Hi all!

DISCLAIMER: Please wait for the official communication from Jamf regarding the Big Sur compatible Jamf Pro version. I have been testing with 10.24.2 and 10.25.1

Furthermore: The change regarding the creation of the Jamf Management Account discussed below is something I'm adding in this post as it may also impact edge case manual manipulations on a token-less macOS Catalina. See note at the very end of this post.

Please not that all my findings are based on previous understanding of FileVault in macOS Catalina and testing in Big Sur. I'll verify everything once again when full public Apple documentation is available.

Here we are! A new major macOS has been released so there is no escaping from checking what macOS Big Sur brings us in view of FileVault, SecureToken and Bootstrap!

Apart from doing a few spot checks when I heard about some rumored changes during the beta period, I deliberately postponed doing a full test until the release candidate was ready. This to avoid wrong assumptions caused by unexpected behavior native to beta versions and / or incompatible Jamf Pro versions.

Now the wait is over, and I must say I’m really happy with the changes which macOS Big Sur brings regarding FileVault! Things really got a lot less complicated to understand! Let’s have a look!

For those who are new to FileVault, I would still suggest to review my macOS Catalina flowchart in order to fully appreciate the changes which macOS Big Sur brings.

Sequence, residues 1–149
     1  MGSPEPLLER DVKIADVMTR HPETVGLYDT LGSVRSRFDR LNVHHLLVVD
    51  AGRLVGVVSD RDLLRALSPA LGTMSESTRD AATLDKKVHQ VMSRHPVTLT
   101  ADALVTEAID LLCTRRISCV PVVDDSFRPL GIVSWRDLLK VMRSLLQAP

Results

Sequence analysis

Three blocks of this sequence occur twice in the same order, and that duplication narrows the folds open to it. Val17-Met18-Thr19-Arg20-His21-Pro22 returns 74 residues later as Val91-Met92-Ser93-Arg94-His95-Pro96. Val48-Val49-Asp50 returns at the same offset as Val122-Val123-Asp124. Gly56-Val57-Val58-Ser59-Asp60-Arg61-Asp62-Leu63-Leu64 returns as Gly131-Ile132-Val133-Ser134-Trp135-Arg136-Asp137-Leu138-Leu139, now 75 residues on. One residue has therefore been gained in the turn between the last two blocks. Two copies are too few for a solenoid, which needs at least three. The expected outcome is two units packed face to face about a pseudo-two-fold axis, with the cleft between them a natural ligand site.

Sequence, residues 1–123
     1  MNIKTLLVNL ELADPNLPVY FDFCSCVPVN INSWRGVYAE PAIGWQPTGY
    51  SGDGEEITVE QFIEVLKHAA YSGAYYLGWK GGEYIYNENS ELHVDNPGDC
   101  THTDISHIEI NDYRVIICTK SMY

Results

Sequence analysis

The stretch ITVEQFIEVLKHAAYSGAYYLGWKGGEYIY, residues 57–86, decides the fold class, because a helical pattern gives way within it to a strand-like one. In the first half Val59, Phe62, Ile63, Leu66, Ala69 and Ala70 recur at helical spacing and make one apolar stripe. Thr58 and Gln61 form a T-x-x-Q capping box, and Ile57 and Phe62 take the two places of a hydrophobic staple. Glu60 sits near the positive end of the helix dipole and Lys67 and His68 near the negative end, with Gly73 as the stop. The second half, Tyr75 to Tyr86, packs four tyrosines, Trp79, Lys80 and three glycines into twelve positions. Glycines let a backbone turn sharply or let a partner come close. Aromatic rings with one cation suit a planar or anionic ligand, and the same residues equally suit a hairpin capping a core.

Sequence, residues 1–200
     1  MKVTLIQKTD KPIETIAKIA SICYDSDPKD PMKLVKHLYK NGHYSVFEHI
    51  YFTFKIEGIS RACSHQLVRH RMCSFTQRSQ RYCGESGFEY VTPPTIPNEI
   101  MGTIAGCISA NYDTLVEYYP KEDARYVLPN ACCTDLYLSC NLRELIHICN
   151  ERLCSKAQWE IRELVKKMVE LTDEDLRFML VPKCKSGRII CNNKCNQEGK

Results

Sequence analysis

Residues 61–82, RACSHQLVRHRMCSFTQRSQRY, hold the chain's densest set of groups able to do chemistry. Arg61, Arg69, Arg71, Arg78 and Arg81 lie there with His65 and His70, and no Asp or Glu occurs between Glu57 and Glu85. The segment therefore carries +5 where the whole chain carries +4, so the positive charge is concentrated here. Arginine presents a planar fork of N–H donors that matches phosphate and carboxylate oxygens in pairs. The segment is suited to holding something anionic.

For this post I’m going to try to keep things as simple as possible, meaning that I’m not going to share screenshots of each test and command line validation of my findings. Instead I’m going to focus on pure statements and work my way towards a new flowchart!

Let’s start with my setup:

  • Jamf Pro 10.25.1
  • macOS 11.0.1 Big Sur (RC2)
  • Extension attributes to report SecureToken, Bootstrap and FileVault
  • Jamf Pro policies to create additional accounts, bind my Mac, etc…

As you can see above, I’m testing on the Release Candidate 2. Reason for this is that I want this post to go out the moment Apple pushes the public availability of macOS Big Sur. As things look really good, I don’t expect any changes in the official public release.

I’m using extension attributes in Jamf Pro to check the SecureToken holder, the Bootstrap token, FileVault status, etc… This to avoid having to login with any account when it’s not a part of my test. This is very important, because logging in with any local admin account on a token-less macOS Catalina system, generated a SecureToken for that account. Without knowing the exact behaviour in macOS Big Sur at the start of my testing, this could potentially corrupt my findings. Hence the use of the extension attributes to grab the status of the system. Those EA’s run from the Jamf Binary during inventory updates within the root context. As root does not / should not have a SecureToken, it does not impact my testing in any way.